#1. The censor board, after consulting with its specially constituted panel, has decided to clear Sanjay Leela Bhansali’s film — after the makers carry out 26 cuts. Oh, and change the name of the film from Padmavati to Padmavat.
Does it occur to you that as a nation, our collective “sensibility” is extremely fragile, and also extremely malleable? That these “sensibilities” are easily offended and as easily appeased? What is an ‘i’, more or less, among friends anyway?
Don’t imagine for a moment, though, that this is the last you are going to hear of a tiresome movie by a tiresomely pretentious film-maker — once the release date is set, now-dormant sensibilities in Rajasthan and elsewhere will be duly aroused again, and much ruckus will duly follow.
#1. After six straight lows, India’s quarterly GDP growth finally trended upwards to 6.3% in the quarter ending September 2017 — a significant uptick from the 5.7% the economy had registered in the previous quarter. The real silver lining is not so much the GDP number itself, but the fact that manufacturing growth accelerated as warehouses restocked after the twin disruptions of demonetization and GST implementation.
Arun Jaitley is hopeful that the impact of those two structural reforms is now “behind us and hopefully, we can look for an upward trajectory in the third and the fourth quarter.” A pragmatic, unexceptional statement from the FM, that contrasts with the chest-thumping of the BJP-leaning sections of the media, led by the usual suspect:
#1. To live where I please, to do as I wish, to believe as I wish, to love as I like — these are my fundamental rights as a free citizen of a free country. The rights to equality, to freedom of thought and expression, to freedom of religion — these are guaranteed by the state. It says so, right here.
And yet, lo these many years after the state was formed and the constitution was formalized, we have the ongoing spectacle of a young woman, an adult, having to go all the way to the Supreme Court to get these rights for herself. ‘I want my freedom,’ she tells the court — and it is telling that she actually has to go to court to ask for it. We have, too, the spectacle of the Supreme Court doling out these rights to her piecemeal, a little bit at a time — while the state, which (constitutionally) guarantees her inalienable rights, is busy opposing, in the apex court, her right to live and to love as she pleases. What country, what century, are we living in, again?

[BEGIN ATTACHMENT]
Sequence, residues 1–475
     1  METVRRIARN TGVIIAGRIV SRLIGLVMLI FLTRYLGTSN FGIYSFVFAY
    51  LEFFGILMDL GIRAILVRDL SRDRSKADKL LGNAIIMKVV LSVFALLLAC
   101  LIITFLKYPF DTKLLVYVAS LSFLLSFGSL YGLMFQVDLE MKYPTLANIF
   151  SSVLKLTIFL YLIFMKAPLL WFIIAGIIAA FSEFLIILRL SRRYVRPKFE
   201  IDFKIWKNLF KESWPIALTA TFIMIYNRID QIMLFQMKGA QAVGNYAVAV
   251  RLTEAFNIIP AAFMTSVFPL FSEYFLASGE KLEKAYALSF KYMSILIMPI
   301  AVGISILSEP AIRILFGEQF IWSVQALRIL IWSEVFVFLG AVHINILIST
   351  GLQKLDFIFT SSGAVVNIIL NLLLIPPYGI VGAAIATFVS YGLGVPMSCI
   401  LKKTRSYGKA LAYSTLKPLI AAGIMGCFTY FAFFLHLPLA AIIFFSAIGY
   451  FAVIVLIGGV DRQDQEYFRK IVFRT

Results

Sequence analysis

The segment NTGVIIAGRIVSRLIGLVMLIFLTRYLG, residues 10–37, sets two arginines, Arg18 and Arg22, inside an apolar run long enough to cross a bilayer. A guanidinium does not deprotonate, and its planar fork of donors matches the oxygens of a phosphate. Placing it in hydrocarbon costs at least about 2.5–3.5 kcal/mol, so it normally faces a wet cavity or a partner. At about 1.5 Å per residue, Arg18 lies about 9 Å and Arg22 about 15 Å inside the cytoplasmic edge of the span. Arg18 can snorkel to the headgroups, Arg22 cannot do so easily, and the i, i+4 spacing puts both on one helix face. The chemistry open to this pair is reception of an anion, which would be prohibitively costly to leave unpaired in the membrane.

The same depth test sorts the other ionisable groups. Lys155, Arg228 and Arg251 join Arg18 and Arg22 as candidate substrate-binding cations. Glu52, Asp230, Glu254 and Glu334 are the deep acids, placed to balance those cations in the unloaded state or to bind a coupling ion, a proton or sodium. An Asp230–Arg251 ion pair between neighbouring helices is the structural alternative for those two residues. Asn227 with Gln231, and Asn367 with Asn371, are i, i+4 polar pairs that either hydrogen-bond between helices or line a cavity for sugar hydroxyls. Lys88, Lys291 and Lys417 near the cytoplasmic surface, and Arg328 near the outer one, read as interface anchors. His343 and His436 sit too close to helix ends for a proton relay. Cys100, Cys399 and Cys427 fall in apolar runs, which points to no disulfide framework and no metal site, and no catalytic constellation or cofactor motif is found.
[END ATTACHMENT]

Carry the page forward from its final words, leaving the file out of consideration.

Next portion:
Meanwhile, we have the National Intelligence Agency — which has been systematically weaponized by the ruling party — saying that it has proof Hadiya’s husband is a recruiter for the ISIS.
Censors, yet again, confusing the role of movie-maker with that of the propagandist.
The lunatics appear to have taken full control of the asylum
“Who are you?” Steve Wozniak (played by Seth Rogan) asks Steve Jobs (Michael Fassbender) in the midst of an incandescent argument in the Danny Boyle-helmed biopic on the Apple founder. “What do you do?”
The questions are equally central to any exploration, fictional or otherwise, of the life and times of Mohammad Azharuddin.
Who was he? More crucially, *what* was he?
Aligarh Mayor Shakuntala Bharti is supporting the group’s call for a ban. “We had issued a warning that we will not allow this film to be shown in the city at any cost. Ten days ago, we lodged our protest against the screening of the movie,” she said.
“Aligarh tameez aur tehzeeb ka shahar hai. Vishwa vikhyat kavi Neeraj ka shahar hai hamara Aligarh (Aligarh is a city of culture and refinement. It is the city of world famous poet Neeraj). Aligarh Muslim University is world renowned. Are they trying to malign the city by naming the film after it? The city is being tarnished by showing that such people also live here,” said Bharti, who is from the BJP.
This from the Mayor who recently was in the news for seeing beef where there was none.
Continuing the theme guest-blogger Diptakirti riffed on in his previous post, here is a compilation of interesting takes on Bollywood, women, misogyny, gender violence, and much else:
Rituparna Chatterjee, movie editor of IBNLive.com, speaks here to her belief that Bollywood is equally culpable in perpetuating the misogyny that is so much a part of Indian culture
And here, Diptakirti Choudhuri speaks of the essential difference (which Bollywood seems unwilling or unable to get, for the most part) between wooing and stalking
And while on that, Anna Vetticad (who with exemplary courage spent a year watching every movie being released in Bollywood before writing about it — here is Jai Arjun Singh’s review) speaks of stalking extensively, in her review of Ranjhanaa
Staying with Anna (and selecting from an exhaustive collection on her blog), here is her review of Yeh Jawaani Hai Deewani, incorporating thoughts of gender equations in the movies
Anna’s review of Houseful 2 deals exhaustively with The Great Bollywood Rape Joke